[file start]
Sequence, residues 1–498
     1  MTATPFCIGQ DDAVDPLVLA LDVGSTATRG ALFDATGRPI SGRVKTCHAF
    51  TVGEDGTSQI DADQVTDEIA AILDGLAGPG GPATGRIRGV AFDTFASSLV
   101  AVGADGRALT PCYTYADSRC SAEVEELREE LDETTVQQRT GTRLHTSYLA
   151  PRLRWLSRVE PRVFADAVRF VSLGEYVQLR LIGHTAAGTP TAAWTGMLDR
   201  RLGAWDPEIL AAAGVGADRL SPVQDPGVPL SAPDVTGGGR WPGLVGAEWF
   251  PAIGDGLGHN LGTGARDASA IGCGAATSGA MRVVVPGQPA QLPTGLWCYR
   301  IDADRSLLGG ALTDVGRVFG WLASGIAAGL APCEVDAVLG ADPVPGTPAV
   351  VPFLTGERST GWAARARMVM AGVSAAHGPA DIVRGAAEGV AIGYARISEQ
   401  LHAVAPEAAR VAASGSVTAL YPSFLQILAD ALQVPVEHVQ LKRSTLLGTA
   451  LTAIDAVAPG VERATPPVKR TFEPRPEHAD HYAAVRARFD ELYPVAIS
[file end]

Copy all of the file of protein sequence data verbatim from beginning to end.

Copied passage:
Sequence, residues 1–498
     1  MTATPFCIGQ DDAVDPLVLA LDVGSTATRG ALFDATGRPI SGRVKTCHAF
    51  TVGEDGTSQI DADQVTDEIA AILDGLAGPG GPATGRIRGV AFDTFASSLV
   101  AVGADGRALT PCYTYADSRC SAEVEELREE LDETTVQQRT GTRLHTSYLA
   151  PRLRWLSRVE PRVFADAVRF VSLGEYVQLR LIGHTAAGTP TAAWTGMLDR
   201  RLGAWDPEIL AAAGVGADRL SPVQDPGVPL SAPDVTGGGR WPGLVGAEWF
   251  PAIGDGLGHN LGTGARDASA IGCGAATSGA MRVVVPGQPA QLPTGLWCYR
   301  IDADRSLLGG ALTDVGRVFG WLASGIAAGL APCEVDAVLG ADPVPGTPAV
   351  VPFLTGERST GWAARARMVM AGVSAAHGPA DIVRGAAEGV AIGYARISEQ
   401  LHAVAPEAAR VAASGSVTAL YPSFLQILAD ALQVPVEHVQ LKRSTLLGTA
   451  LTAIDAVAPG VERATPPVKR TFEPRPEHAD HYAAVRARFD ELYPVAIS